More information on what happens during a TURBT and tips from other people who have had this done, is available in our What is a TURBT booklet (link at the bottom of this page).
2. CT and MRI scans
Scans are becoming more common as diagnostic tools for bladder cancer.
Increasingly, patients who present with blood in their wee are given a computerised axial tomography (CAT or CT) scan. These scans are a special type of x-ray that provide a detailed picture of the inside of your body, focusing on the bladder, ureter and kidneys. Most patients will have a CT urogram, which involves using a contrast dye, either ingested or given as an injection, to give a clear impression of what is going on. The contrast medium may make you feel rather hot but should not otherwise be a problem.
However, if your kidney function is impaired, the scan will be given without the contrast because it can be toxic to the kidneys; this is known as a KUB scan. You should also let your doctor know if you are allergic to iodine or seafood as these may also mean a CT urogram is not appropriate.
A magnetic resonance imagination – or MRI – scan uses magnetic energy to build up a picture of the inside of your body. It is a painless procedure that is done as an outpatient appointment. You will change into a gown and you must be sure not to be wearing any metal. Make sure the doctor is aware if you have any implants.
During the scan, you lie in a tunnel in the scanner, so if you are feeling anxious about that, talk to the doctor in advance. The tunnel may seem quite small so people with claustrophobia find it uncomfortable. As the scanner is very noisy, you may be given earplugs or earphones – and you may even be offered a choice of music.
Contra-indications for CT and MRI scans
Both of these scans are painless and safe but there are some restrictions on who they are suitable for. For example, they are not always possible for people who have certain types of implants fitted, such as a pacemaker.
For all scans, you will need to let the hospital know if you have any allergies or kidney problems, or if you’re taking diabetes medication, as special arrangements may need to be made. You should also let the hospital know if you are pregnant.
The best advice is if you are worried about anything, just ask. Don't suffer in silence.
When will I know if I have bladder cancer?
The tests you have been through should be enough for your medical team to assess whether or not you have bladder cancer and they will give you the results of the investigations.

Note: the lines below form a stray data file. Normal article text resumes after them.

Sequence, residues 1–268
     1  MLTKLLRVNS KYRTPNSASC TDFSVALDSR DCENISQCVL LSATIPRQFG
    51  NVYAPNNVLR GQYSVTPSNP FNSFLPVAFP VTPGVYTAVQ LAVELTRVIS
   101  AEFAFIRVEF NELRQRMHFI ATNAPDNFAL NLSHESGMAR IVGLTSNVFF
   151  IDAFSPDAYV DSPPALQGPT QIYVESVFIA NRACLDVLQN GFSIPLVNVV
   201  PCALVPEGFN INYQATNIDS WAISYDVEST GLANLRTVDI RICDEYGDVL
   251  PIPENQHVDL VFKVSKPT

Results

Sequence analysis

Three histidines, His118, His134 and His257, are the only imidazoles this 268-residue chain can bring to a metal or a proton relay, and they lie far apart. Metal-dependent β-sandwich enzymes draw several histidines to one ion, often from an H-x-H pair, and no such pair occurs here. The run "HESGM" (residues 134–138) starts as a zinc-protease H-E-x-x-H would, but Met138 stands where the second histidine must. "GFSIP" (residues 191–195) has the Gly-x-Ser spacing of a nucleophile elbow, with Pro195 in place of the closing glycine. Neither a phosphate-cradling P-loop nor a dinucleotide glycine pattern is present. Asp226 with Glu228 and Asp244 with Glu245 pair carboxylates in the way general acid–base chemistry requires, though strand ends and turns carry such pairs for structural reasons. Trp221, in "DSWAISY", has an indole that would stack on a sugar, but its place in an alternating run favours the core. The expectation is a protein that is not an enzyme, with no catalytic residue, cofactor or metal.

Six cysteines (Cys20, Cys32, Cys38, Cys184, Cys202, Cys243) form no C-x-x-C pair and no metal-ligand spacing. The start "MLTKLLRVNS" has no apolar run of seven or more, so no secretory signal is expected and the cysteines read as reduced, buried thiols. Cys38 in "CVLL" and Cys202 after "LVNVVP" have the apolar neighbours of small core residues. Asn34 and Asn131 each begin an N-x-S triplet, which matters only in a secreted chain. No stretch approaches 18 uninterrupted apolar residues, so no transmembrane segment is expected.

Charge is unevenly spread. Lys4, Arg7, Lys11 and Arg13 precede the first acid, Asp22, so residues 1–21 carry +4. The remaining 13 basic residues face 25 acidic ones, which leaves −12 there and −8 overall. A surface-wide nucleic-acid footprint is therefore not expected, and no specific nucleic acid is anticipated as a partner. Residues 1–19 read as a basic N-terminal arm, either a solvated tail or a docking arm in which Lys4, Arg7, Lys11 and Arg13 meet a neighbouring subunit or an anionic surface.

Sometimes, the problem will be obvious straight away and you will be given a diagnosis before you go home. Alternatively, it could be that you have to wait a few weeks for all the experts to review the results of your tests before they can let you know.
If it is NOT cancer
If it is not cancer, you will be referred to the appropriate consultant or medical team to deal with your specific problem. If the tests you have had have ruled out cancer but not established the cause of your symptoms, then your doctor will decide what additional tests you will need.
If you DO have bladder cancer
If you are diagnosed with cancer, there is nothing that can prepare you for that news and most people find they experience a whirlwind of emotions. Along with rising panic, you may be feeling overwhelmed, frightened and probably angry.
As a newly diagnosed bladder cancer patient, you are embarking on a journey. Right now, as you begin this journey, the most important thing you should know is: you are not alone.
There are thousands of others living with this disease, and there are people and resources to help you find the information you need to help you make the best choices, and the support you need to get you through.
Whether you have to wait just half an hour or two weeks for results, it will seem like forever. Hang on in there – this is all part of you getting the best treatment.
What could come next?
If you do have bladder cancer, at this stage, the medical team will not yet have all the information they need to be able to decide which treatment is best for you.
In order to do this, they may take a sample of cells from your bladder – known as a biopsy – to examine in the pathology laboratory. This sample will be taken during a second cystoscopy, usually a rigid cystoscopy.
Full details are in our What is a TURBT booklet (see link at the end of the page).
After all the various tests have been completed, you will be offered another appointment with your urologist, at which they will explain their findings and what they propose to do in terms of treatment.
Support for you
Please remember that you can contact us at any time for support, whether you are a patient or care for someone who is.
Our helpline is open from 09.00–16.30, Monday to Friday. There's an answerphone if we're busy, but we will call you back as soon as we can. Call 01844 351 621 or email email@example.com
Talking to other people who have had the same tests, investigations and diagnosis can help. Our private online forum on Facebook is available 24/7, 365 days a year. (See our getting support page for details of how to join and other support available.)
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We’ve done everything we can to make all the information on this site as accurate as possible. Whilst we have had support from a small team of medical professionals advisors to review the general medical content of this site, please remember, that only YOUR medical team can give YOU specific advice about YOUR symptoms or illness. We encourage you to discuss any potential options with them.